Caring mother embraces son who lives with a genetic disease; both smiling wide and laughing as they share a joyful, loving moment.

Additional resources
and support

Gene therapies are the result of decades of scientific, clinical, and manufacturing advances, all of which have begun to improve the lives of patients with various inherited genetic diseases. Talk with your doctor about approved gene therapies or ones currently undergoing clinical trials to see if gene therapy is an option for you and your family. Connecting with your healthcare provider will help you make the right decision.

There is a lot to consider when thinking about the potential of gene therapy. Talk with your doctor to learn more.

What is a clinical trial?

How therapies for rare diseases are approved

Clinical trials are research studies that test if a treatment is safe and effective in human patients. Through clinical trials, doctors and scientists can search for ways to potentially improve treatments and increase the quality of life for people with different diseases.

There are gene therapy clinical trials available for some individuals living with certain rare genetic conditions.

Gene therapy for rare diseases: Clinical trial timeline (3-5 years or more)

Because of the urgent need for treatment and the small number of potential patients, clinical trials for rare diseases may combine the steps of conventional clinical trials for more timely approval.

These trials may include adults and adolescents, young children, even infants, and smaller patient groups. Only patients with a confirmed diagnosis are enrolled; healthy volunteers are not eligible. Many studies include long-term follow-up to monitor patient safety.


Lab and animal studies

  • Using animal models of a particular disease, determine dose range and optimal administration factors, such as delivery (by mouth or injections) and timing
  • Establish the initial safety profile of the therapy

Phase 1&2

People with disease or condition

  • Determine safe and effective dose, plus patient benefit and safety

Phase 3

People with disease or condition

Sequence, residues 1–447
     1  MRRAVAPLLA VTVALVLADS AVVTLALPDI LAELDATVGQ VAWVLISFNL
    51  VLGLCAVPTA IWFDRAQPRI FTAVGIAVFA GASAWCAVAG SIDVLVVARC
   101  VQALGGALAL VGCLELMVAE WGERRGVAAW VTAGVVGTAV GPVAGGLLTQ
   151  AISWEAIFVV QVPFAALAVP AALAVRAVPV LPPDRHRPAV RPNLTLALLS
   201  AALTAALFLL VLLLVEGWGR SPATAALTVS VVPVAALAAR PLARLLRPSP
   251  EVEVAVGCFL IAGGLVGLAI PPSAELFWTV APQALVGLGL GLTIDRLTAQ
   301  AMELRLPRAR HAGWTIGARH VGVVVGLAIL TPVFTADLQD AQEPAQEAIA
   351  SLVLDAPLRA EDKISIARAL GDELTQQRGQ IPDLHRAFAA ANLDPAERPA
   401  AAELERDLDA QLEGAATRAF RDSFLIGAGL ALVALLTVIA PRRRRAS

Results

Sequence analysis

• Establish safety and efficacy in patients with the disease or condition
  • Used by regulatory agencies to determine approval

Are clinical trials safe?

Connect with your healthcare provider to help you make the right decision. Your decision can only be made after you and your doctor discuss the goals of the trial, risks, benefits, and expectations. Before taking part in a trial, you will need to read and then sign an informed consent document, which also describes the potential risks of participating in a clinical trial.

Talking with your care team about participating in a clinical trial

If you are interested in learning more about participation in a clinical trial, reach out to your treatment team to get more information. Your healthcare provider can help find answers to questions you may have and help you decide if a trial is right for you.

Learn more about clinical trials

Find a support community

Rare does not mean alone

Some genetic diseases have severe impacts on patients and their families. Confronting a rare genetic disease can be overwhelming, stressful, and confusing for the patient and members of their family. But you are not alone.

Many people who have a rare disease in the family find that it is helpful to connect with others who are similarly affected. Patient and family support groups often provide disease-related webinars, self-advocacy pointers, and other ways to engage with the patient and caregiver community.

Consider starting a group if you cannot find a patient support or advocacy group in your area of interest.

Learn more